Marquette’s Lovell Moves Quickly to Boost Campus Entrepreneurship
The University of Wisconsin-Madison is widely seen as the state’s leading school for entrepreneurship, driven by more than $1 billion in annual research spending, a respected licensing and tech transfer arm, and a track record of successful spinouts.
The school gives universities in Wisconsin’s largest city, Milwaukee, something to aspire to. In the past few years, University of Wisconsin-Milwaukee has arguably done the most among southeastern Wisconsin universities to boost campus entrepreneurship, with new initiatives like the Student Startup Challenge and the “App Brewery.”
Now, the man who receives a lot of credit for helping to make those programs a reality, Mike Lovell, has left his post as UW-Milwaukee chancellor to become president of nearby Marquette University. It hasn’t taken him long to establish entrepreneurship as one of his top agenda items at the private Jesuit institution, from which this reporter graduated in 2011.
“If you are innovative and entrepreneurial, you’ll always add value to an organization,” Lovell (pictured above) tells Xconomy. “I want that to be something that Marquette University is known for.”
In August, five months after being named Marquette’s president, Lovell hosted an innovation and entrepreneurship summit on campus with academic leaders from 20 local higher education institutions. The meeting was tied to a planned nonprofit initiative announced that month called The Commons, which is led by Startup Milwaukee and Innovation in Milwaukee (MiKE). The Commons, which has yet to announce a physical space or a full list of confirmed partners, would create a cross-university student startup accelerator and a separate program that would allow students to work on R&D projects for local corporations. Lovell has already indicated Marquette will participate in the initiative.
Last month, at Lovell’s inauguration, the school announced a new $5 million fund that will provide competitive seed grants to potential university spinouts, as well as support entrepreneurship education and other related initiatives on campus. Marquette also plans to open a space on campus dedicated to entrepreneurship, with technology and support functions housed inside, the university says.
The fund drew $2 million from the university budget and $3 million from outside donations raised by Lovell in his first two months on the job. That’s not a huge pot, but $5 million can probably go a long way on a campus of 8,400 undergraduate students and about 3,300 graduate students.
Lovell has also expressed interest in having a Marquette presence in The Water Council’s Global Water Center near downtown Milwaukee and at UW-Milwaukee’s Innovation Campus near the Medical College of Wisconsin in Wauwatosa, just west of Milwaukee.
Xconomy recently caught up with Lovell to hear his vision for growing entrepreneurship at Marquette. He wasn’t able to provide too many new details, since the first campus planning session was scheduled for today and entrepreneurial proposals from students, faculty, and staff for the $5 million fund won’t be vetted until the spring. But the conversation made clear his passion for revving up entrepreneurship on a campus that has pockets of innovation, but which hasn’t traditionally been known for it.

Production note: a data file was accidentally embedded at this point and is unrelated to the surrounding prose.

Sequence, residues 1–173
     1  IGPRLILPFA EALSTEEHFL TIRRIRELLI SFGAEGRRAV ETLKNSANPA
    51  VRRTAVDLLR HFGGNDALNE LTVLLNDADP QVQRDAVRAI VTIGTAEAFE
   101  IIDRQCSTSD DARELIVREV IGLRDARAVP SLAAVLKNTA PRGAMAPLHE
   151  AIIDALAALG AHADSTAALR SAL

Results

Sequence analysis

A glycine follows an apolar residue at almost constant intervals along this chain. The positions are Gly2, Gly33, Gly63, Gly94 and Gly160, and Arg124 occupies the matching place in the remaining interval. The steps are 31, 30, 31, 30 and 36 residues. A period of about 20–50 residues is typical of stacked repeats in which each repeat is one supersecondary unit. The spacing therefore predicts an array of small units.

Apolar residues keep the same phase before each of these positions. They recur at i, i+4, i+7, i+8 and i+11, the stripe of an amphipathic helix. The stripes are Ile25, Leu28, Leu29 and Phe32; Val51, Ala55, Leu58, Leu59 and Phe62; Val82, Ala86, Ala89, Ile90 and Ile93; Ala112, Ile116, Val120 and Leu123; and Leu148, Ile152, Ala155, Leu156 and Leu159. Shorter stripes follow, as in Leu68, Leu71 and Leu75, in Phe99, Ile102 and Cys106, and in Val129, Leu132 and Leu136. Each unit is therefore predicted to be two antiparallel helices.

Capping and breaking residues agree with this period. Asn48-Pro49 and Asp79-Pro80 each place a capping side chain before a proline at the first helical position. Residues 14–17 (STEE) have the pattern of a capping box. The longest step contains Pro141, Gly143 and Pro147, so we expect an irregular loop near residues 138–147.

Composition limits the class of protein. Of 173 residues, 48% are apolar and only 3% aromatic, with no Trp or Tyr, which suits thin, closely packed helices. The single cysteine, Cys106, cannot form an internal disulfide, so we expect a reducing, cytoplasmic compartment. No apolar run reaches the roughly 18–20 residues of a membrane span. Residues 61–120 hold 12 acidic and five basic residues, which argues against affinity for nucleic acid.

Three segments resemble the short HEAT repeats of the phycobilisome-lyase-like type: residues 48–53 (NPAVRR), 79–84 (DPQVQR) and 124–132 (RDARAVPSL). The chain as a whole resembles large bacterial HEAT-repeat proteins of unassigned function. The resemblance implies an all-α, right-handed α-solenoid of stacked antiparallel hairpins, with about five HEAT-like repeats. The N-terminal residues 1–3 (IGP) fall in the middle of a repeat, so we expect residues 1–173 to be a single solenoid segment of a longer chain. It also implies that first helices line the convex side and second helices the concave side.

“There are so many really innovative ideas in all corners of the campus that have been waiting for a little bit of resources in order to go do it,” Lovell says.
He pointed to the university’s Kohler Center for Entrepreneurship and a business plan competition as examples of good entrepreneurial programs that already exist on campus. What’s been missing is a cohesive, high-level plan to drive campus innovation, Lovell says.
“I don’t think there were direct pathways created that cut across the campus to really support and foster those activities,” Lovell says. “I look at something like [UW-Madison]—our students are just as innovative and creative as those students are. We need faculty and staff to know, if you go down these paths, you’re going to be supported by the university.”
Lovell thinks Marquette entrepreneurship has been held back over the past three years by the uncertainty created by a series of leadership transitions. Long-time university president Robert Wild retired in 2011. Wild’s successor, Scott Pilarz, abruptly stepped down just two years later, and Wild returned as interim president. Lovell is the first non-priest to lead Marquette.
With frequent leadership transitions, “people tend to just put their head down in their work,” Lovell says. “When you have an innovative, new idea, you are kind of sticking your head up a little bit. When there’s uncertainty, people maybe feel like that’s not the best time to do that.”
Still, it’s clear that Lovell is putting a stronger emphasis on innovation and commercialization of campus ideas than recent predecessors. In some respects, Lovell is trying to accomplish the same goal he had at UW-Milwaukee, which was “all about creating an entrepreneurial, innovative culture,” he says.
But his strategy at Marquette is broader than the targeted programs he helped institute at UW-Milwaukee. The $5 million fund, for example, won’t be limited to any particular disciplines or areas of campus, he says.
Lovell doesn’t have specific goals for the number of investments the fund will make or the number of companies the university will help form. “I’m a believer that these things are much more of a marathon than a sprint,” he says.